Bob Poekert's Web-Log

Apr 20, 2017

What federation is good for

"Federation" is a word people use when they mean interoperability in the context of internet communication. It means that you can talk to people who aren't in the same network as you. If I use fastmail and you use gmail, I can still email you.

Most social networks aren't federated. If I'm mutuals with you on twitter that doesn't mean I can message you on facebook, and you don't see my instagram posts unless I explicitly cross-post them.

There's a pretty obvious incentive for companies that run these networks not to federate. Their primary asset is their users and the network effects that keep them from leaving. If the only social network you use is facebook and I want to read what you post online I need to make a facebook account and read your posts on facebook. Once I've done that facebook can show me ads, generating revenue for themselves, and show me other content to try to get me to spend more time on facebook. If I could follow your facebook account from twitter, facebook would have no way of making money off of me, and I would have little attachment to facebook.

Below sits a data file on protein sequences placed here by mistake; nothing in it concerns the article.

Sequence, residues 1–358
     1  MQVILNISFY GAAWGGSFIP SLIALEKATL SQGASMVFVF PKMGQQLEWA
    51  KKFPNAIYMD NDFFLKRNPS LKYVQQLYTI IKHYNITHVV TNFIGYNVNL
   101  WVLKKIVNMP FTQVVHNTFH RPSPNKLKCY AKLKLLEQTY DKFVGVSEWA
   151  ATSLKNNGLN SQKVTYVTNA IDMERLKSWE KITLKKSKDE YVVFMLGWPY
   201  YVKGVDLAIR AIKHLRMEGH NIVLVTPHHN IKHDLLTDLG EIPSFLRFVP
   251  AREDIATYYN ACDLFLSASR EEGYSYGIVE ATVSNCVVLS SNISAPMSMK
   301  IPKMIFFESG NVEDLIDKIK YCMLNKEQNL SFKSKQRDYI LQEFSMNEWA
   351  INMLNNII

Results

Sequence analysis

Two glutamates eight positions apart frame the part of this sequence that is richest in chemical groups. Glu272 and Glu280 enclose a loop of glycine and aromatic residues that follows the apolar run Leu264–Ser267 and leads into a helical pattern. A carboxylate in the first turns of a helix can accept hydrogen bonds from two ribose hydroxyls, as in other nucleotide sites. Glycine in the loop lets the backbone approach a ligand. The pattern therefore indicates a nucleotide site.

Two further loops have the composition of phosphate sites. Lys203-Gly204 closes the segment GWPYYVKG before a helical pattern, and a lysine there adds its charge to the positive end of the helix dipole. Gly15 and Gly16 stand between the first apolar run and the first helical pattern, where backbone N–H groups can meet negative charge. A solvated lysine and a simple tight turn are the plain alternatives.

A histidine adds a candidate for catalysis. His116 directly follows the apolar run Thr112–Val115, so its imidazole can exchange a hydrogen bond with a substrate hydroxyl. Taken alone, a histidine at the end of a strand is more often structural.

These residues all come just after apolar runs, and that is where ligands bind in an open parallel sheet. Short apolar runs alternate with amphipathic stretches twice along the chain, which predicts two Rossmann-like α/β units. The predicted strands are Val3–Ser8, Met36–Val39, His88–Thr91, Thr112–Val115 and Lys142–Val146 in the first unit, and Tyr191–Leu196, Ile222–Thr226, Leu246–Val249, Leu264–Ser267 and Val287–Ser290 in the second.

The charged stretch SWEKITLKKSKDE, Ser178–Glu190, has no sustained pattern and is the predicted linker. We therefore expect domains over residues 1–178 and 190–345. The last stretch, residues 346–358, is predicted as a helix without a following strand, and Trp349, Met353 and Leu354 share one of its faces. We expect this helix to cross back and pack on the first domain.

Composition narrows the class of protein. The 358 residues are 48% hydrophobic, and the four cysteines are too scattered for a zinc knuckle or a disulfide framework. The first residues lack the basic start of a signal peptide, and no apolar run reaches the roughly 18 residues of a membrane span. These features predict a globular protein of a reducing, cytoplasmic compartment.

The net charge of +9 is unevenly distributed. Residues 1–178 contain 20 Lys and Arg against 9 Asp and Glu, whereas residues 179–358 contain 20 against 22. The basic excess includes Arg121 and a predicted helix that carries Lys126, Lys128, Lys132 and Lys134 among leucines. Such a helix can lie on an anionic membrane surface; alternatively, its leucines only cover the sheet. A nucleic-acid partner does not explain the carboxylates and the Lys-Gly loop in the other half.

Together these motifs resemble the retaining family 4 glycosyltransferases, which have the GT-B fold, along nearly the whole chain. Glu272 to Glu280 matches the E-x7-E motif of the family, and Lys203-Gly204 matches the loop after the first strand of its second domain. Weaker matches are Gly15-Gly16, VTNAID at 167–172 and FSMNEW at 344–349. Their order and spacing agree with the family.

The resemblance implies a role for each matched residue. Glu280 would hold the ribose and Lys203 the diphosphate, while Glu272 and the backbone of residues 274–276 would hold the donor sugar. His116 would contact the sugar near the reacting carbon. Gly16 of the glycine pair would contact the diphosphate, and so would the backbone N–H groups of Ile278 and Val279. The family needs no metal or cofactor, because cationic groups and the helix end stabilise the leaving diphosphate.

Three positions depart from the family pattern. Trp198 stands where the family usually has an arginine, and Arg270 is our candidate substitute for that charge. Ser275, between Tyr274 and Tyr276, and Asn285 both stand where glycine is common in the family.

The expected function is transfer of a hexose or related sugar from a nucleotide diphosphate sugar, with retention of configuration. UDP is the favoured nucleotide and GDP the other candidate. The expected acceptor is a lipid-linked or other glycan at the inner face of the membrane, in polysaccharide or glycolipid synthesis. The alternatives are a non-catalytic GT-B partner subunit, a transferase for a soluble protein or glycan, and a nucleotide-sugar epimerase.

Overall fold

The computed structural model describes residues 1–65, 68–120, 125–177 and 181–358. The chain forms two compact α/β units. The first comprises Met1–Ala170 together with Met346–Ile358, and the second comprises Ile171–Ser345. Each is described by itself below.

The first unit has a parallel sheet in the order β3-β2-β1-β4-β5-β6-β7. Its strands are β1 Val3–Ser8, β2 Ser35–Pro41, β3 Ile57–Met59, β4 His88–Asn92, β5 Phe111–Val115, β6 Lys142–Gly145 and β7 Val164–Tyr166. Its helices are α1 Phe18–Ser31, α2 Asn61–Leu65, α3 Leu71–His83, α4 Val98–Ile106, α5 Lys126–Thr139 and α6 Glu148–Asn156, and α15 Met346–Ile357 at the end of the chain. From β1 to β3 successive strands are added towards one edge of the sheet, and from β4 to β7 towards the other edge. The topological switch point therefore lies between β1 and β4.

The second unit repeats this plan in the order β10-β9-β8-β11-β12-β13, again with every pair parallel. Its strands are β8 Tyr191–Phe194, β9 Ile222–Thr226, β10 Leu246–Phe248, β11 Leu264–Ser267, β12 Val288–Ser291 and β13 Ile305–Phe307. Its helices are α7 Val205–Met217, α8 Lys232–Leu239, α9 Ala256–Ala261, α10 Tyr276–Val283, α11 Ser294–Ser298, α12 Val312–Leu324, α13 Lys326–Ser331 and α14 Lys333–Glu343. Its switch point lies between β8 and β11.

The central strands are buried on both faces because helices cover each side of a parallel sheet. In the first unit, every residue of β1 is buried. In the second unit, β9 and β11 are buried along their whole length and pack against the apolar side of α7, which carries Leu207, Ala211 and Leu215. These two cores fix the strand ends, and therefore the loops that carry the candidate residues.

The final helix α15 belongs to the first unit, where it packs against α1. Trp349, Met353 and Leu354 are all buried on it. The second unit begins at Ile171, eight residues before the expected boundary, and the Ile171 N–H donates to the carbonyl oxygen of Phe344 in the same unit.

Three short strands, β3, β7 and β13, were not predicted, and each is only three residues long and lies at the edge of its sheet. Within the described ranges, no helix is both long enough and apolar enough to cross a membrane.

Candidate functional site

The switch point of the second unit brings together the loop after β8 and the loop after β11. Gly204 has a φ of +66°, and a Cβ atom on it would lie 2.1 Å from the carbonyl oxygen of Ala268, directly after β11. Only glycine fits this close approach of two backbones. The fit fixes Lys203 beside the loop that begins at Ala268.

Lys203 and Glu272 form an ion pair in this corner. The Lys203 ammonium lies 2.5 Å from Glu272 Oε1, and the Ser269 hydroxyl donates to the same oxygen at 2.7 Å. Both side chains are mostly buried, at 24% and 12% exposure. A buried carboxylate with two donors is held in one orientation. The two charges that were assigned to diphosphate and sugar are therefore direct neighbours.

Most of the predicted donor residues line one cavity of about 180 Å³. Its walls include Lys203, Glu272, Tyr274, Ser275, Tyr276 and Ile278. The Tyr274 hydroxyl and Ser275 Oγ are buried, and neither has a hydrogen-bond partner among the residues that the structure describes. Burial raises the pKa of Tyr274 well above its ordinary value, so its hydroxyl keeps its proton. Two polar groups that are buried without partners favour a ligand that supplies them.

Those same network effects also make it difficult for people to start new social networks. A user gets nothing out of a social network unless there are other people on that social network to talk to. If a new social network can't interoperate with existing social networks then it has to have a pool of users who want to talk to each other on day one. This is hard to do.

You can also try to piggy-back on top of one of the larger social networks by making it easy for your users to share content on those networks and having links back to you. But this is awkward because each of the larger networks knows that you're a potential threat to them, as they were to networks that came before them, and they also know that at the moment they're in a position of power over you. So as soon as it looks like you might be growing in a way that could cause a problem, they change the rules. The feed ranking algorithm changes. Your media embed or autoplay priveleges are revoked. The way your feed items are displayed is changed so they're not as prominent. The larger network usually justifies these changes as combating spam and obnoxious content, and they partly are, but there's also a clear competitive incentive behind them.

The result of this difficulty is that there aren't that many social networks. If you were on the internet in the early-to-mid 2000's you probably remember phpbb and vbulletin forums. These forums typically had tiny numbers of users, maybe in the thousands, and there were a lot of them. Because the software that powered the forums was easy to modify each one was hacked in some way that made it a little different from the default installation. Custom moderation tools would get built in response to things that happened on the forum; tools that only make sense in the context of the people who use that particular forum. In-jokes, memes, and local flavor would get added to the software. Features would get built that catered to things people did on that forum which were different from what people did on other forums.